Gastric Sleeve Weight Loss Timeline: How Fast Do You Lose Weight?

Gastric Sleeve Weight Loss TImeline_Featured Image

Weight Loss Timeline is important to understand the crucial post-op phase after gastric sleeve surgery. Explore the healing timeline, post-operative care tips, and how to gradually resume regular activities. 

The main reason for undergoing bariatric surgery is to assist a patient in losing weight. Improving their health by reaching and maintaining a healthy body mass index BMI. Gastric sleeve surgery is often chosen after unsuccessful traditional weight loss attempts.  Weight loss surgery offers a potent advantage: aiding individuals to shed pounds more quickly than traditional methods allow.

Gastric Sleeve Weight Loss Timeline

Statistics indicate that weight loss numbers after gastric sleeve surgery seem to follow a pattern of milestones. These milestones seemed to be more evident at 3 months, 6 months, 12 months, and 18 months.

  • The first 3 months showed the most weight loss in the shortest amount of time.

  • By the 6-month mark, patients should have reduced their excess weight by 30-40%. After six months, weight loss slows to 1-2 pounds monthly for patients, leveling out from that point onward.

  • At the 12-month point, patients should be close to their goal weight if they have not reached it already.

  • At the 18-month point, weight loss normally transitions to a maintenance phase and plateaus. To achieve more weight loss, the patient needs to incorporate something into their routine to jump-start and facilitate ongoing weight loss. The patient can sustain this weight by maintaining healthy dietary choices, lifestyle decisions, and exercise routines.

How Much Weight Can You Lose after a Gastric Sleeve?

Patients who have had gastric sleeve surgery normally lose between 50% and 60% of their excess body weight in 12-18 months. If patients follow their dietary restrictions and exercise programs diligently they may lose more. Each patient’s results can vary depending on their starting BMI, weight-related health issues, age, and other factors. The following chart is a basic example of projected total weight loss following gastric sleeve surgery.

Considering weight loss surgery? Interested in gastric sleeve? Seek a timeline for gastric sleeve weight loss to anticipate outcomes. Averages, subject to variations, hinge on initial BMI, health issues, and lifestyle choices, influencing patient-to-patient differences.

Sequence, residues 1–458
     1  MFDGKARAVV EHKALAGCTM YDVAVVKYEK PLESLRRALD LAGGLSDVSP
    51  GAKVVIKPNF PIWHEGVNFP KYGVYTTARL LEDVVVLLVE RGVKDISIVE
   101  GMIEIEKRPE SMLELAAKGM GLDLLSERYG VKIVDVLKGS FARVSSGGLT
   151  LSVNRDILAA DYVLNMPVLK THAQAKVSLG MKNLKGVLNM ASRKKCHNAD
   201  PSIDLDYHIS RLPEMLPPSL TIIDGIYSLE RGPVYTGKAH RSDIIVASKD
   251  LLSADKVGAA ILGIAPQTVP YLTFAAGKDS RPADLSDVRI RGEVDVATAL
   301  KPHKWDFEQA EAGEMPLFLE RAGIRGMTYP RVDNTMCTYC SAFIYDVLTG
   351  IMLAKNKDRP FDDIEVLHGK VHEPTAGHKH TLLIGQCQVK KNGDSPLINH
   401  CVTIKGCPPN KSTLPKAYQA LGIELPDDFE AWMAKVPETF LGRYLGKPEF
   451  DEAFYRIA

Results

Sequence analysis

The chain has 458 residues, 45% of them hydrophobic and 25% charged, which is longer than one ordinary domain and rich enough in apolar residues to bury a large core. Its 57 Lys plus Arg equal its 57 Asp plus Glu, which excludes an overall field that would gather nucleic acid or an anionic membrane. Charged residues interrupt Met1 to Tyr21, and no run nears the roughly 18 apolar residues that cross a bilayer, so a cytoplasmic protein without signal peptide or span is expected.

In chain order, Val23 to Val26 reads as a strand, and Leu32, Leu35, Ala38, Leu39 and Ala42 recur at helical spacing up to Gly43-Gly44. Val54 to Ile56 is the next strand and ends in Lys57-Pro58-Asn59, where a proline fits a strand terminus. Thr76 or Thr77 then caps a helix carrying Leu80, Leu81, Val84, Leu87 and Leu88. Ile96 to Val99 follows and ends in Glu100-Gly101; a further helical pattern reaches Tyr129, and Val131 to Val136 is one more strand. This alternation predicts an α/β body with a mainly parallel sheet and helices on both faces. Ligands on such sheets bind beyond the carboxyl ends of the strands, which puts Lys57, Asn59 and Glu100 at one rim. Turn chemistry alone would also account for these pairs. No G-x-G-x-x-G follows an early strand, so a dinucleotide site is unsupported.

Both gastric sleeve surgery and non-surgical endoscopic sleeve gastroplasty can result in significant weight loss for higher-weight patients. The timeline for weight loss may be slightly different for each procedure but if the patient is diligent in following their diet and exercise plan, they have the potential to reach their weight loss goal and maintain it into the future.

What is Gastric Sleeve Surgery?

Over the past few years, Laparoscopic Sleeve Gastroplasty (LSG) has become the most popular weight loss surgery performed. Gastric sleeve reduces the stomach size by approximately 70 to 80%. A portion of the stomach is surgically removed and the remainder is stapled together in the shape of a small pouch. This allows for only a limited number of calories and nutrients to enter the digestive system.

Gastric sleeve surgery has a high success rate, is less complicated, and has minimal risk factors when compared to Gastric Bypass Surgery. LSG requires a hospital stay of 1-3 days and has an extended recovery time of approximately 4-6 weeks.

After undergoing gastric sleeve surgery, the smaller stomach limits the amount of food that the patient can eat. The procedure also removes the portion of the stomach that produces the “hunger-causing” hormone ghrelin so it suppresses the appetite. The smaller stomach empties more slowly so it prolongs the feeling of satiety.

See the below picture of the stomach after gastric sleeve surgery.

Gastric sleeve surgery


What is Endoscopic Sleeve Gastroplasty?

Endoscopic Sleeve Gastroplasty (ESG) is a non-surgical procedure that delivers results that are very close to those of gastric sleeve surgery only WITHOUT the surgery.

Like gastric sleeve surgery, ESG makes the stomach smaller so the patient can only consume a very small amount of food in one sitting. The surgical sleeve reduces the stomach by about 80% while the endosleeve reduces it by around 70% but weight loss potential is very similar if utilized correctly.